EU countries have so far been able to compensate for reduced gas supply from Russia, but are increasing preparation in case of further supply cuts, the European Commission said earlier today.
“According to our exchange with the national authorities, the gas security of supply in Germany – and in the EU – is currently guaranteed. Lower inflows of gas from Russia can so far be compensated,” a Commission spokesperson said.
On Monday, the EU’s energy chief and EU ministers will discuss possible measures to reduce gas demand, and are increasing preparations for if the situation worsens, the spokesperson said.
Andy Gregory23 June 2022 17:10
Ukraine holds preliminary hearing in first rape trial of Russian soldier
Ukraine has held a preliminary hearing in its first trial of a Russian soldier charged with raping a Ukrainian woman, in what could be the first of dozens of such cases.
The suspect, 32-year-old Mikhail Romanov, who is believed to be in Russia, will be tried in absentia. He is accused of raping a 33-year-old woman after he and another Russian soldier allegedly shot her husband at point blank range in the village of Bohdanivka, northeast of Kyiv.
The two soldiers then left and later returned twice more to rape her, the court files said. The identity of the second soldier had not been established.
A prosecutor working on sexual violence cases told Reuters that up to 50 such crimes were being investigated, but that the number of instances of sexual violence by Russian soldiers since the start of Vladimir Putin’s invasion was likely to be substantially higher.
Andy Gregory23 June 2022 16:49
Death sentence for two Britons in Donbas a ‘sham judgement’, Downing Street says
The sentencing to death of two Britons for fighting Russian forces in Ukraine is a “sham judgment” with “absolutely no legitimacy”, No 10 has said, as the men plan to appeal against the verdict (see post at 1:52pm).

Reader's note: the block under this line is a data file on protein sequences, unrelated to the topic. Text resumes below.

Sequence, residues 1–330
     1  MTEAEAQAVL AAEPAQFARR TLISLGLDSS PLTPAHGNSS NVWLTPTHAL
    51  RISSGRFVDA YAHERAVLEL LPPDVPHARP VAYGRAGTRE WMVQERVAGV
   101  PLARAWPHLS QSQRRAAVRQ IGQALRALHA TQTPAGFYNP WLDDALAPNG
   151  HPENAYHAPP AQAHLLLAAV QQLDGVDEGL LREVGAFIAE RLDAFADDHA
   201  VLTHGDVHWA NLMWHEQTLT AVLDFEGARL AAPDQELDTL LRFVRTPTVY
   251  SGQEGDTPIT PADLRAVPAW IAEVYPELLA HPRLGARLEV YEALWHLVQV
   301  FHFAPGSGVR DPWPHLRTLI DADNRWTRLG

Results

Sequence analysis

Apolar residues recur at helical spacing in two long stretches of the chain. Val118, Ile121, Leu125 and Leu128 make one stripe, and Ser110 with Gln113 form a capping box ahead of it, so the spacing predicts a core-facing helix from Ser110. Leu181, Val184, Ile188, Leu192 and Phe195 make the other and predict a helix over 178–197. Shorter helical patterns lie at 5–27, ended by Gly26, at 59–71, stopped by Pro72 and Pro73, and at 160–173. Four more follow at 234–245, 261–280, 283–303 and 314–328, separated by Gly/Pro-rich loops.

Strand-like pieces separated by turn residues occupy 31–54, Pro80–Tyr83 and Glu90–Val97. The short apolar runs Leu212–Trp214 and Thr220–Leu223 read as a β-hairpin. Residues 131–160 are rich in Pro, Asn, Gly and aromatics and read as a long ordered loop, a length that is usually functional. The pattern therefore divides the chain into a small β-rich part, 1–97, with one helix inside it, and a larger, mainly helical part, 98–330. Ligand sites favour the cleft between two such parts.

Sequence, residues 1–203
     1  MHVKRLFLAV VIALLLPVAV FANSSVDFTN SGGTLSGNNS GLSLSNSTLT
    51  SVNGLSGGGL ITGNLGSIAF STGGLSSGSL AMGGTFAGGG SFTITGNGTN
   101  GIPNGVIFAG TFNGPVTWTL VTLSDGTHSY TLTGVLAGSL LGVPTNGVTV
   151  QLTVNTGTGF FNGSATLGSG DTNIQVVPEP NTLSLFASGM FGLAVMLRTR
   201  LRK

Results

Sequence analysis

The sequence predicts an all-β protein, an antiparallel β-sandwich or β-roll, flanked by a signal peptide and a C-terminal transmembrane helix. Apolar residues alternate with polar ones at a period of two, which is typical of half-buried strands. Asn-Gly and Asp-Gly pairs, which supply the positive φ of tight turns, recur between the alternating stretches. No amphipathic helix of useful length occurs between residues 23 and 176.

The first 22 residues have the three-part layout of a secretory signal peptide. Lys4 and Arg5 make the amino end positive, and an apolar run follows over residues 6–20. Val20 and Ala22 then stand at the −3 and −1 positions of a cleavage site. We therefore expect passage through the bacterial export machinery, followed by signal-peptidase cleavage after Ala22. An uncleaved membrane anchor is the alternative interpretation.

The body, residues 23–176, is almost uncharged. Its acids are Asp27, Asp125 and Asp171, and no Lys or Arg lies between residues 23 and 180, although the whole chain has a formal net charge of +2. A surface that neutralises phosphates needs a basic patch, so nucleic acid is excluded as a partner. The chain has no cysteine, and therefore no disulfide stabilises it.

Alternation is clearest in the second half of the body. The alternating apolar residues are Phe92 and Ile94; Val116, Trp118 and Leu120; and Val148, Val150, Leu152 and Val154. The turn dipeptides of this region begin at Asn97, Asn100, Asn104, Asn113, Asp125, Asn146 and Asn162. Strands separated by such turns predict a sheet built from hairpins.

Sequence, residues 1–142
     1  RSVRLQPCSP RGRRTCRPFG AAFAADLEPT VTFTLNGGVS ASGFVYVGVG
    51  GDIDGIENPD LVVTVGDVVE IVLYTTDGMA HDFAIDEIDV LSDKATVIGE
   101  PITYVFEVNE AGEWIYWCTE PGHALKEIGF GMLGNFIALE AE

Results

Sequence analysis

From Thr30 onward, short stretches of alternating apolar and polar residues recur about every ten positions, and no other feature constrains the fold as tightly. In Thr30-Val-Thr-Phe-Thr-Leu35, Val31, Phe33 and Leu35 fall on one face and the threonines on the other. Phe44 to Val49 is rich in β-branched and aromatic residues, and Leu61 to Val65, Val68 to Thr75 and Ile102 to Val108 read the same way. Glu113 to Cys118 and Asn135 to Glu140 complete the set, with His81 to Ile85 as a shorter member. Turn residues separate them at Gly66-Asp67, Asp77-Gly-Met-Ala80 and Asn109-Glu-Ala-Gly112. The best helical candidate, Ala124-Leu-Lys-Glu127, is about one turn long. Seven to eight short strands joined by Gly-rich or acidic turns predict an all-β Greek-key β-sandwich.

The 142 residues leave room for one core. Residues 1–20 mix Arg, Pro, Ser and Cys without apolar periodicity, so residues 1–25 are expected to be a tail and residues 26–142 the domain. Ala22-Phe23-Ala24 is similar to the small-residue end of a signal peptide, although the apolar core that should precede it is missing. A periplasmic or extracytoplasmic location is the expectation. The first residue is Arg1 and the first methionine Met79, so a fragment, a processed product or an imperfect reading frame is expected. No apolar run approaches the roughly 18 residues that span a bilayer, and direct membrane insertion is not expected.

Asked about the situation, a Downing Street spokesman said: “Well we’ve consistently condemned the sentencing of the two individuals that you have spoken about. It’s a sham judgment with absolutely no legitimacy.
“We’ve set out that these men are soldiers with the Ukrainian armed forces and therefore they’re prisoners of war and should be afforded the protections that that allows.
“The foreign secretary, as we’ve said before, continues to discuss this with her Ukrainian counterpart. But again, our firm belief is these gentlemen were fighting as part of the Ukrainian armed forces, and they should be provided with the legal protections that that provides.”
Asked if there was any update on any kind of agreement to bring the men home, possibly via a prisoner swap, the spokesman said: “That would be a question for the Ukrainian government. As I say, they were fighting … as part of the Ukrainian armed forces and we continue to work closely with them. But again, we continue to call the judgment out for what it is, which is a sham.”
Both men have lived in Ukraine since before the invasion.
PA23 June 2022 16:28